This Week on Stage: Carey Mulligan and Tony Kushner off-Broadway
Off-Broadway’s been a busy bee. While the Great White Way readies itself for Sunday’s Tony Awards, New York’s smaller venues hosted a series of openings this week, including the four reviewed by our critics. Check out the highlights below, and comeback Sunday for our live blog of the 2011 Tonys, which air at 8 p.m. on CBS.
The Shaggs: Philosophy of the World: EW senior writer Clark Collis dubs The Shaggs, which he gives a B, “something rather special.” He writes that where the musical fails as a standard jukebox tuner that sensationalizes the ups-and-downs of its subject (in this case, short-lived sister group The Shaggs), it wins with characters “written so poignantly, and brought to life so heartbreakingly.”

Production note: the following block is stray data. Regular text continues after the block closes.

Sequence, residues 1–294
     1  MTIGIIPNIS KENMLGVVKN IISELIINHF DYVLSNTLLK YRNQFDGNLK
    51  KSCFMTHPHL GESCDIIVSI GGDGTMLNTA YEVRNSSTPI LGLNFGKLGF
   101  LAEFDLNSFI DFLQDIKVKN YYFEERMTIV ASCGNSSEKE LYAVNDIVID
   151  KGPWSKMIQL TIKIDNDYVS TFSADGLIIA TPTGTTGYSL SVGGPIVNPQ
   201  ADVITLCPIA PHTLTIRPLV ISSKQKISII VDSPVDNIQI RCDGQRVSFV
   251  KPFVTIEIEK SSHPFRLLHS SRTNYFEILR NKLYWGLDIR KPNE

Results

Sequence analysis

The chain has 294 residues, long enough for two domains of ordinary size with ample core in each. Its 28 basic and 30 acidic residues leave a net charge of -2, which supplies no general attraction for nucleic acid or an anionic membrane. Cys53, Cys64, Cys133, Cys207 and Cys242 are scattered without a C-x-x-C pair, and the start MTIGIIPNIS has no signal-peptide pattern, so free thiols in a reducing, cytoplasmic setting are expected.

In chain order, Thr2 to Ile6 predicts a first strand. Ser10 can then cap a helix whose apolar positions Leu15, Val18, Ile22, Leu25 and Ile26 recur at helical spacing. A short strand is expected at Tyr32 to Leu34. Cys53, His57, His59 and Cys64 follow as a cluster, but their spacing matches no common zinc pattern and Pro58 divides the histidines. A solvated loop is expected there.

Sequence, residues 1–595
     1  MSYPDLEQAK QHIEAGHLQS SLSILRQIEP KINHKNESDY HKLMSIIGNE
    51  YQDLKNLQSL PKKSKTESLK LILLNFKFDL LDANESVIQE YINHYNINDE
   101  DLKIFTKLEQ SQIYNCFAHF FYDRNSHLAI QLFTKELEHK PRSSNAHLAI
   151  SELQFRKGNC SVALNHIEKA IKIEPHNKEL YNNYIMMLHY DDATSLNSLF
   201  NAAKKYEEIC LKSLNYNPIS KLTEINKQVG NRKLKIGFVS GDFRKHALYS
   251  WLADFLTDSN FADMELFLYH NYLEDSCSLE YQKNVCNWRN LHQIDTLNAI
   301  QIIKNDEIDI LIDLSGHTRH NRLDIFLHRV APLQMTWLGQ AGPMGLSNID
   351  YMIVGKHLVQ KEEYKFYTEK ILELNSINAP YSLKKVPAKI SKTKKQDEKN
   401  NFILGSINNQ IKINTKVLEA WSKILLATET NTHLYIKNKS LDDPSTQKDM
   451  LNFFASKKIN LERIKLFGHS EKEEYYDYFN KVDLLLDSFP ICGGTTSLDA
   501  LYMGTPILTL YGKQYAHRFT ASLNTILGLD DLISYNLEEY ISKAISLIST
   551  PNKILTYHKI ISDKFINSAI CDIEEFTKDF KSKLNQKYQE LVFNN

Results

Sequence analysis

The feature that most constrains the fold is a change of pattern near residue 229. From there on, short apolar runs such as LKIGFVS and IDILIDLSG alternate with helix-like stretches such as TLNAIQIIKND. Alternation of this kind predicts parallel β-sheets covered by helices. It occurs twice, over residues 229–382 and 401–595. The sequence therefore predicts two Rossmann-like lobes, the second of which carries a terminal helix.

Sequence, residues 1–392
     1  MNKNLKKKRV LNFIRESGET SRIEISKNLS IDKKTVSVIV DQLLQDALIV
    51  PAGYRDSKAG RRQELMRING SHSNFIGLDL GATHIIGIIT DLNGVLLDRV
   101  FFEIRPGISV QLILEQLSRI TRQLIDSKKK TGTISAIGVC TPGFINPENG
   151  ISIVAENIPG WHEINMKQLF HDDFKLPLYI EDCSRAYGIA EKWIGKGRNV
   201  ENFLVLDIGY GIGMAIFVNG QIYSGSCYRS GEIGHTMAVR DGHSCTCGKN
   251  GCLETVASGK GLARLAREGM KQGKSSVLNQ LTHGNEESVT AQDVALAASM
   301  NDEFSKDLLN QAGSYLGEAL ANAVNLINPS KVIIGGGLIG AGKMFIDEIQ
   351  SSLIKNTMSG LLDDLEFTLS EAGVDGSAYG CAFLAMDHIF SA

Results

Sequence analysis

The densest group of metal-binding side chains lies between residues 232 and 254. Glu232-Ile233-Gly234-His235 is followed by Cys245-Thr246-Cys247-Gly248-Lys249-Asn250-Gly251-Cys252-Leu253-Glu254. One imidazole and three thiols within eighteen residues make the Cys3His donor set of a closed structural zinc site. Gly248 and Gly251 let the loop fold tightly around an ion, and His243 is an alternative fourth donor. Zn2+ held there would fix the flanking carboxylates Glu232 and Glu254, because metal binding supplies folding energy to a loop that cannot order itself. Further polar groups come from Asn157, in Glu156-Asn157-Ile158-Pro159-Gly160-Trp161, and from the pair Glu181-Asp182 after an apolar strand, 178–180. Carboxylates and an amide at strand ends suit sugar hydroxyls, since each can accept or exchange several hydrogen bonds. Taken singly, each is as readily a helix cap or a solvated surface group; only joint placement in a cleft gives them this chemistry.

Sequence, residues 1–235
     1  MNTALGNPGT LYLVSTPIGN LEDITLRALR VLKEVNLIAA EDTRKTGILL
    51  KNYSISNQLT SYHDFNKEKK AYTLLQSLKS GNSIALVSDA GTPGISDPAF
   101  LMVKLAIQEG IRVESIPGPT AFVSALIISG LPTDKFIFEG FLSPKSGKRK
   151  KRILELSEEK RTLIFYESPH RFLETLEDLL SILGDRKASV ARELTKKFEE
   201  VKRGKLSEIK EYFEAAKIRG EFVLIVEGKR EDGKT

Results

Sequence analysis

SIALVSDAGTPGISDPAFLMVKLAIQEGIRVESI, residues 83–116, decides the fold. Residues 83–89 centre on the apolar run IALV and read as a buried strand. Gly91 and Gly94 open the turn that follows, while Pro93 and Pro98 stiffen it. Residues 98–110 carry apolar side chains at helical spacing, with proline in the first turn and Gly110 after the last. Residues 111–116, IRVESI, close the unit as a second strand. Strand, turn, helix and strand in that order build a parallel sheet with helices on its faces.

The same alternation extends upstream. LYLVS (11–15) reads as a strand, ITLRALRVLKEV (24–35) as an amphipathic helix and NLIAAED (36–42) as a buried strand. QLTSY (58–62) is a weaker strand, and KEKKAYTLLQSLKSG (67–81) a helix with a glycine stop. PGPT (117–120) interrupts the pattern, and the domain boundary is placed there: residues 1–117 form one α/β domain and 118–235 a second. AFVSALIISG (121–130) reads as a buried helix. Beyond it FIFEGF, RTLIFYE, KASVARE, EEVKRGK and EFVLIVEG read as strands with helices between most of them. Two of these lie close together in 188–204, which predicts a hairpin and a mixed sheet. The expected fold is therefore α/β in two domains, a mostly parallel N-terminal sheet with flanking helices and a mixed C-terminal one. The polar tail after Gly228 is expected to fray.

The Illusion: “Baroque fantasy and modern day wit mix happily….gilded with Kushner’s virtuosic dialogue,” says writer Adam Markowitz about this A- revival of Tony Kushner’s 1988 play The Illusion, itself an adaptation of Pierre Corneille’s L’Illusion Comique.
Through a Glass Darkly: Oscar nominee Carey Mulligan is “more than up to the challenges of this tricky role” as a schizophrenic spending the summer on the coast with her troubled family in this stage adaptation of Ingmar Bergman’s 1961 film Through a Glass Darkly. Writes EW stage editor Thom Geier, “She ping-pongs between reason and madness, Mulligan is at once vulnerable and emboldened, wounded and radiant.” He grades the play an A-.
Lysistrata Jones: Xanadu writer Douglas Carter Beane’s college-set adaptation of Aristophanes’ classic earns a B- from Geier, who likes its “goofy charm” and “delightfully topical” quips, but laments that the rest of the show — about a perennially loosing basketball team and the cheerleaders who refuse them sex — “can’t maintain that level of wit and sophistication.”